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2817Re: Car brats

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  • Guy Berliner
    Mar 15, 2001
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      This seems to me like much the same problem as tobacco.
      Smoking is slowly turning into a social faux pas in the US.
      It's taken a decades-long campaign to achieve this result.
      And the coup de grace has been the massive legal case against
      the industry as a whole, precipitated by evidence of
      outright criminality at the highest official levels. The
      petrochemical, automotive, and allied industries will
      eventually have a similar, but vastly greater debt to pay
      to society.

      Consider just one datum alone: the case of leaded gasoline. As
      documented in the story by Jamie Lee Kitman,
      "The Secret History of Lead," (The Nation, Mar. 20, 2000), some
      of the biggest firms in these (or any) industries engaged in a
      classic conspiracy to keep a known dangerous product on the
      market for decades, even though safer alternatives were available.
      The resulting damage to public health and the environment is
      incalculable. Estimates cited before Congress are that 67 million
      American children were exposed to toxic levels of lead (levels at
      which measurable impairment can occur) over the course of the sixty
      years of legal use of leaded gasoline in the US. If, in this one
      case alone, the firms responsible were held to the same liability
      standard as the tobacco industry, the legal settlement would likely
      be big enough to rebuild most of America's decaying urban core.

      Bruce Minturn wrote:
      >Ryan asked,
      >> So if car use was treated like an addiction, what tools would we use to
      >> lessen the addiction or break it?
      >From June in Australia:
      >Addiction in the proper sense, ie artificial brain chemical changes
      >caused by drugs, is very difficult to treat - you can withdraw addicts from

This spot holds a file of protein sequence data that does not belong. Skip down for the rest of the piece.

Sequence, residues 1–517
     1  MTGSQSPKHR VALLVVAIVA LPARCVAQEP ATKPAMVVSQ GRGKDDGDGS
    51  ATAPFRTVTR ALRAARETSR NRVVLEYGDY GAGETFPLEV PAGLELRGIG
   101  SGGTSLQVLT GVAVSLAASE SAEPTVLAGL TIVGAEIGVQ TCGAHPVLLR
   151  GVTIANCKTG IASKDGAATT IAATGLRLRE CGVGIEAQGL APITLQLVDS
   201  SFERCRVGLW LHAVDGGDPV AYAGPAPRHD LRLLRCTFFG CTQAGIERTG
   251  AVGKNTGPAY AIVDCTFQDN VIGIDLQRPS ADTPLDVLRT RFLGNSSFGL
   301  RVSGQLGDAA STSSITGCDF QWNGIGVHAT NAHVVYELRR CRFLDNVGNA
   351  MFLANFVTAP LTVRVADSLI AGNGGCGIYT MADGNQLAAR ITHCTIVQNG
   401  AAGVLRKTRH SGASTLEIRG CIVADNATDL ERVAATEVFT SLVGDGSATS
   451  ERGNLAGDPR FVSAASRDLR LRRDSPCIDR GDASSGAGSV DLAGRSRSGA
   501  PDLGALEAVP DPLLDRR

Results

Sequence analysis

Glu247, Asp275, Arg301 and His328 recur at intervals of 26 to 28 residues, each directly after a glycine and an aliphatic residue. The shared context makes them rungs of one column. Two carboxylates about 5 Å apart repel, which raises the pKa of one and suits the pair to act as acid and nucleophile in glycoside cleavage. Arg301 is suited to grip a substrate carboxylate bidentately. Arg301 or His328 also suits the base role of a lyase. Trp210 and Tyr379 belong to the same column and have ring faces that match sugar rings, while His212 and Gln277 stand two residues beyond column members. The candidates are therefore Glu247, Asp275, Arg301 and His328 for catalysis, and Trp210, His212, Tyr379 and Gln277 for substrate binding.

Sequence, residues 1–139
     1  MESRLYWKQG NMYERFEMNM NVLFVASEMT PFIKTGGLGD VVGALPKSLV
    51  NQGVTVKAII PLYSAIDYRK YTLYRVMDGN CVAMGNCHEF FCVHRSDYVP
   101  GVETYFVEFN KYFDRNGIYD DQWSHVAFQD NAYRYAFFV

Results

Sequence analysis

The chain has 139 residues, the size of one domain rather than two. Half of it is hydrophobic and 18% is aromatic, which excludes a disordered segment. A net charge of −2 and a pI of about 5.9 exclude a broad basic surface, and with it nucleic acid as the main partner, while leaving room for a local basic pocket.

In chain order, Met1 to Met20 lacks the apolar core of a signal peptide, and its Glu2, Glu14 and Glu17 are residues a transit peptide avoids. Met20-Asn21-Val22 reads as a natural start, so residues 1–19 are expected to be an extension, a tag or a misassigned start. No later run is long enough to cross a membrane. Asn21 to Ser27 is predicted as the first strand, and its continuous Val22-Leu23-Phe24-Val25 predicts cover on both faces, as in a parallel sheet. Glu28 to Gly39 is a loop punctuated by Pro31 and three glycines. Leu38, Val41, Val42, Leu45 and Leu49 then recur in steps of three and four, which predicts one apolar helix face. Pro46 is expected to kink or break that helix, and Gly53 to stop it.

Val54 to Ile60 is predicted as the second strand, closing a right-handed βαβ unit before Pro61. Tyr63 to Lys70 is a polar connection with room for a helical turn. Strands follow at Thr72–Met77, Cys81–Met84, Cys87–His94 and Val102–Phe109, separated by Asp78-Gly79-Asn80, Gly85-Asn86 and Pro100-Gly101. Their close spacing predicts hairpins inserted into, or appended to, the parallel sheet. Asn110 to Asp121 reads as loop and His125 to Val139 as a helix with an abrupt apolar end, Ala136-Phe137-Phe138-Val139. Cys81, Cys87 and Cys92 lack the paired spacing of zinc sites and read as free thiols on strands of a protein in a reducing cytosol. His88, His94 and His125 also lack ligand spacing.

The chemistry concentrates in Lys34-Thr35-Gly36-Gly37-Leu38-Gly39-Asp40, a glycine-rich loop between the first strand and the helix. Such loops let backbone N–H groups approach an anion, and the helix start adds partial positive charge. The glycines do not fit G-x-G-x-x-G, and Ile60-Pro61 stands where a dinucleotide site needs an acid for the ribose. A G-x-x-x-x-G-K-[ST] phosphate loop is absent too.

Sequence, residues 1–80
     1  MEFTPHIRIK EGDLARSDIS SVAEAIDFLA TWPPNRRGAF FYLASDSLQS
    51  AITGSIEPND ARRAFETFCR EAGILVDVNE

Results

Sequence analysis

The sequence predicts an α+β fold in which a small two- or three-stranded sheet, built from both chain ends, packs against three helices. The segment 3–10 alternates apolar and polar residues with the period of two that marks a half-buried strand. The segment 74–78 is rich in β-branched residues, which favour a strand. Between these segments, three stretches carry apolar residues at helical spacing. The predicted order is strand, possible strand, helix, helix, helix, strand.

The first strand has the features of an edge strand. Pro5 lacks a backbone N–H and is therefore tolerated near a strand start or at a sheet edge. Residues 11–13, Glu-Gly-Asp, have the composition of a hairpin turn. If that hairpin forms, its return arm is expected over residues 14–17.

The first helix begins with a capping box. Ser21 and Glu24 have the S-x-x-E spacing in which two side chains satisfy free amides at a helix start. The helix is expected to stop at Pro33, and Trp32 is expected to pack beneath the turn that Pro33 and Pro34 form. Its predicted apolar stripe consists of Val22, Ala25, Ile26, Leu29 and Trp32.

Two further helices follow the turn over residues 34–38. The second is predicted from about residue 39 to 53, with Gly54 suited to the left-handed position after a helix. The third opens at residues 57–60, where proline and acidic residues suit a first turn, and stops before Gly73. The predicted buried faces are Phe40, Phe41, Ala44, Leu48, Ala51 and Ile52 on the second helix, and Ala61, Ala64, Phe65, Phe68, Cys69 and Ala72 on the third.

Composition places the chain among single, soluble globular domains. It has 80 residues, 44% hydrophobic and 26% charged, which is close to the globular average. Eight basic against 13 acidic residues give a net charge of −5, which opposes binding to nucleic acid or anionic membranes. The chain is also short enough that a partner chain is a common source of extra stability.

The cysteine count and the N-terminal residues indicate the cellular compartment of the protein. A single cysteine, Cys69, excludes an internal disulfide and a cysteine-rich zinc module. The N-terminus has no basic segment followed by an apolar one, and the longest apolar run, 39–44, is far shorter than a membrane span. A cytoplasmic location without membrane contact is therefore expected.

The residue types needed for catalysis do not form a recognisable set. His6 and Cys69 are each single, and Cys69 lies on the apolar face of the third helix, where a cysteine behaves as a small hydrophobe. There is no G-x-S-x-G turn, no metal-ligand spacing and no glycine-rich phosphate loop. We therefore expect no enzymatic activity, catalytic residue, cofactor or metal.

>drug use but relapse rates are high because the brain changes are so
      >persistent. Car "addiction," however, would more likely qualify as a
      >compulsion, which can often be successfully treated with classic
      >behaviour modification methods.
      >Basically, you prevent the person from using a car. Each time they wanted
      >to but weren't allowed, another
      >transport solution would be offered in its place. If this is done
      >consistently, the person should quickly "unlearn" dependence on
      >cars for transport. The problem is, while this would (theoretically) work
      >if cars
      >were seen simply as transport, of course they're not. They're very much
      >tied up with self-image, status (a profound psychological force) and sexual
      >imagery (the powerful hunter, the sleek seductress etc). These values are
      >probably an innate part of human psychology wired into the dopamine "must
      >do" system and reinforced by cultural environment. A way to overcome innate
      >programming is to override it with cultural programming - ie create a
      >strong anti-car environment. In that scenario, car deprivation behaviour
      >therapy should work. Unfortunately, you have the Catch-22 situation of
      >trying to create the anti-car society so you can get people to give up using
      >cars so you can create an anti-car society...
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